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onlinebiker
12-04-2014, 08:57 AM
I burn wood. That makes my "carbon footprint" (another invented buzzword to get people in a panic) smaller than most people. Wood is also a "renewable resource".

But - I don't do it because of my "environmental consciousness" -

I do it because I live in a drafty old farmhouse - that defines "central heat" - as a bigassed custom built wood stove in the living room. It would simply cost me a fortune to heat with propane.

I did heat - one winter - back in the 80's when the price of propane was much more reasonable - and I went through 3 tanks (500 gallon) during the winter - and froze my
ass off. It set me back a couple thousand dollars.

Last winter was the worst I've seen while living here (SW Michigan) and I went through almost 6 cords of wood. (a cord is a stacked pile, 4 foot x 4 foot x 8 foot). I have not
bought propane in three years. On the coldest days, I run around the house in shorts a t shirt and flip flops.

How many here heat with wood?

SarasotaRepub
12-04-2014, 02:55 PM
My sister in Jersey has a wood stove but it is used
as supplemental heat.

Rockntractor
12-04-2014, 03:08 PM
Wood has been my primary source of heat for almost 30 years and was also the source of heat at home when i was growing up, I have cut wood all my life.

onlinebiker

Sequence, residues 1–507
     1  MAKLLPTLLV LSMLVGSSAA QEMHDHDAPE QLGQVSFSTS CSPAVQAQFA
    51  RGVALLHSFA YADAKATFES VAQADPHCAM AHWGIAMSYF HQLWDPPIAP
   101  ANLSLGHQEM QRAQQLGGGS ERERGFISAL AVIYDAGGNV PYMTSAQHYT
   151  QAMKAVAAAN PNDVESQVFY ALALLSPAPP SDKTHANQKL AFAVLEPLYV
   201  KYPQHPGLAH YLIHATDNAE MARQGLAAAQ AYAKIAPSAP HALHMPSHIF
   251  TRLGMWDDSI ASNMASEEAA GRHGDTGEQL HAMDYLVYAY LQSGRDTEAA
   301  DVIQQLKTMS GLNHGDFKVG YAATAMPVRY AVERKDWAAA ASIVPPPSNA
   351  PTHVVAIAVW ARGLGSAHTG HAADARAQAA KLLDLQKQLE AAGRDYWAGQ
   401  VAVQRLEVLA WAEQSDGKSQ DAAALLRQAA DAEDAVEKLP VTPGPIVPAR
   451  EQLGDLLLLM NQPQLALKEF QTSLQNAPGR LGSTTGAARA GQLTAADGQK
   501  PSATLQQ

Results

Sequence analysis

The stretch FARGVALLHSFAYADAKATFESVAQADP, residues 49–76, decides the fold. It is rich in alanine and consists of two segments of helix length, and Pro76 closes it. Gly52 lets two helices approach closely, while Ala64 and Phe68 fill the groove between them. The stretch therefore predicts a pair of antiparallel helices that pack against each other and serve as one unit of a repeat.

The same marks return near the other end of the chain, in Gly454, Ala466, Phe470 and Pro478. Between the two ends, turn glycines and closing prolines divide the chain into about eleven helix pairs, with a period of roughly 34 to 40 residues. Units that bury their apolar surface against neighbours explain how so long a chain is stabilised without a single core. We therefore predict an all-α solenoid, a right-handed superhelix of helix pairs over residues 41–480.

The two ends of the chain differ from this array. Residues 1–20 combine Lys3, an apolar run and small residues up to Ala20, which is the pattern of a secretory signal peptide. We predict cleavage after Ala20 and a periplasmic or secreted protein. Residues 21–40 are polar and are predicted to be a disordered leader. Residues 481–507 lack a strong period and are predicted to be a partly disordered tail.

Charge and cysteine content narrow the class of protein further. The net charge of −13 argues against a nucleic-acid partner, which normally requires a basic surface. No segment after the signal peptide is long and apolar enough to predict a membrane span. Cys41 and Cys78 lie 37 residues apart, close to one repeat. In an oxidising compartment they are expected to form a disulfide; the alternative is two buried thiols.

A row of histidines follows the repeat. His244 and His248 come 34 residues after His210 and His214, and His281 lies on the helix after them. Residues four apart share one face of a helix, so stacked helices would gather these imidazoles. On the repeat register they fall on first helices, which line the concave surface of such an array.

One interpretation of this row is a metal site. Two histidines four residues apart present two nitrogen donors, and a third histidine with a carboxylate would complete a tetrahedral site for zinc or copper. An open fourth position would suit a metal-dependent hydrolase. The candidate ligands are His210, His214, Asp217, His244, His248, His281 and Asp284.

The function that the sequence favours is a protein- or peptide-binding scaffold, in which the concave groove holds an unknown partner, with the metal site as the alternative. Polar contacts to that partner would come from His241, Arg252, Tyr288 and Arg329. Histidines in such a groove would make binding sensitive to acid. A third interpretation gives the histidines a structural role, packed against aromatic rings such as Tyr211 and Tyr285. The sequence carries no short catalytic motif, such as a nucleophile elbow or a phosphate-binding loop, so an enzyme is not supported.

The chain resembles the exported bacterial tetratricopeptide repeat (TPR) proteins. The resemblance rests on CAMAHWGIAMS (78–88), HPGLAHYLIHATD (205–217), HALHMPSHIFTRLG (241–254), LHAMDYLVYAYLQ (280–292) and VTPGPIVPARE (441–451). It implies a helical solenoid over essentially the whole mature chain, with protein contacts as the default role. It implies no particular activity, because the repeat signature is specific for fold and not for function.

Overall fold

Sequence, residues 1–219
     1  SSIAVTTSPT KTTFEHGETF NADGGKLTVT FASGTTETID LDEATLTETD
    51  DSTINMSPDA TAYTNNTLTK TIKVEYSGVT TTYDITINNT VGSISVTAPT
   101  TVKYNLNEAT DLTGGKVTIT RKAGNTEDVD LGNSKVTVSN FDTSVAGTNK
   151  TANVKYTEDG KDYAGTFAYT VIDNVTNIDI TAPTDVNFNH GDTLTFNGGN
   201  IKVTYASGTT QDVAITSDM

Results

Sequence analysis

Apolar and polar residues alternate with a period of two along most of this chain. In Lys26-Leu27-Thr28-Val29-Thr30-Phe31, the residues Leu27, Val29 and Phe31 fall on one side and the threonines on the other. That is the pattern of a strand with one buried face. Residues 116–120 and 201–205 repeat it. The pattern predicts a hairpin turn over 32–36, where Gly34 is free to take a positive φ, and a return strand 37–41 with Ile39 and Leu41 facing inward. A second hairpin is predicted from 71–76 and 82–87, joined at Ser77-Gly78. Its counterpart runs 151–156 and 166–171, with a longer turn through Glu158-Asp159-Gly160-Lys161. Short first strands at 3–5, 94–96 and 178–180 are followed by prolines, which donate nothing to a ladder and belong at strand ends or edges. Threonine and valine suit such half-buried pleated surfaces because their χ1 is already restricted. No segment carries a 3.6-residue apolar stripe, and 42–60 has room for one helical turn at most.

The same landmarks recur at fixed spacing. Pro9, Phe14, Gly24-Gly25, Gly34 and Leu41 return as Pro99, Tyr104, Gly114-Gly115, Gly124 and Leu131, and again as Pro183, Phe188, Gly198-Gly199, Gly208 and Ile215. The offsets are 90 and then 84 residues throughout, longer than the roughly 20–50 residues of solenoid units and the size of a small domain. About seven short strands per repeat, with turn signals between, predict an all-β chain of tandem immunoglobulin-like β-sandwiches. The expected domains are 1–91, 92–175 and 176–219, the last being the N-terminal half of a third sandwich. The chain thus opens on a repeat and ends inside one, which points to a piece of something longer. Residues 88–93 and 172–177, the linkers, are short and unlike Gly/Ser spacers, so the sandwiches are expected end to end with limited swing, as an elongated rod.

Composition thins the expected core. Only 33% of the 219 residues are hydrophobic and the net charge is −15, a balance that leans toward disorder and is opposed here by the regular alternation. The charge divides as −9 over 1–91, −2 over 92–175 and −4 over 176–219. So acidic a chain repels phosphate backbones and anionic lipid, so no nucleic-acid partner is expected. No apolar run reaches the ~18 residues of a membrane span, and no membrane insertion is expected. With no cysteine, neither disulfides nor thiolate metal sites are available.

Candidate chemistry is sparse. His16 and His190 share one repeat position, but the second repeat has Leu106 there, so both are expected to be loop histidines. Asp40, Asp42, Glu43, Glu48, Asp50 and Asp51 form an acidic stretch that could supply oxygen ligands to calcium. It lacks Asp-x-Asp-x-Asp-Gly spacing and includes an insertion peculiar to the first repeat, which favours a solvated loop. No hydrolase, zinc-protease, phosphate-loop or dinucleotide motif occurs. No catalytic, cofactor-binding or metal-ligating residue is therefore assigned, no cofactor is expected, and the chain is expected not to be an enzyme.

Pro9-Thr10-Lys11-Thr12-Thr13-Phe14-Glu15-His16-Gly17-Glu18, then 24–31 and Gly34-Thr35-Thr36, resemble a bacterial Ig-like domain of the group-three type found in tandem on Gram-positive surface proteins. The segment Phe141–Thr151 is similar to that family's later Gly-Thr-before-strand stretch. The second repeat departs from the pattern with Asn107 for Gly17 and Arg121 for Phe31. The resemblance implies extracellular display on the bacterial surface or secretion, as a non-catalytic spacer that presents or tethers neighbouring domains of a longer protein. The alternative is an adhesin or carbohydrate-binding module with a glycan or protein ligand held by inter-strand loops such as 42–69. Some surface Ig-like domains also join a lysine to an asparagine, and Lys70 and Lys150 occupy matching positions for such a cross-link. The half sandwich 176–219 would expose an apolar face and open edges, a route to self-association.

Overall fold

12-04-2014, 05:43 PM
Wood has been my primary source of heat for almost 30 years and was also the source of heat at home when i was growing up, I have cut wood all my life.

What kind of wood do you have in your area?

We have some of the very best. Shag bark hickory, several different types of locust, oak, elm, ect....

Two years ago I made a huge score - one of the local fir tree farms was expanding their field - and they cut down 1/4 mile x 100 yards of 150 year old osage orange. I'd never seen them with 36 inch PLUS bases. I got 12 cords before they pushed all the rest into a pile and burned it.

It made you want to cry. If they'd gave me 2 years - I could have probably gotten a lifetime supply of wood.

30 million BTU per cord. Amazing stuff - burns hot as hell - even green. (orange is the new green....even "green" it's orange...)

Rockntractor
12-04-2014, 05:49 PM
What kind of wood do you have in your area?


Smooth bark hickory, black jack, post, pin and swamp oak, black cherry, pecan, elm, ash.
Black jack oak burns the hottest.

thundley4
12-04-2014, 06:55 PM
EPA regulations on new wood stoves are driving up prices. Finding used wood stoves is hard, too.

RobJohnson
12-04-2014, 07:28 PM
EPA regulations on new wood stoves are driving up prices. Finding used wood stoves is hard, too.

True.


"Fuel for wood heating is a renewable resource, and under the right circumstances can be local and sustainable," Huggins said.

But pressure from environmental groups has been responsible for many of the EPA rule changes.


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My dad and I made several wood stoves from oil barrels. I used to paint vehicles in a garage that only used wood heat & I never blew myself up!

I have a long history of using wood for heat, clear back when I was really little and would help my grandparents.

My current home has a double sided fireplace with two dampers. The fire car been seen from the living room or my bedroom. It also has a fan that blows the heat out that would normally exit out the chimney. It can heat my house, but the primary wood source here is mesquite, and it bothers my allergies. It burns hot, but often will get a little smoky.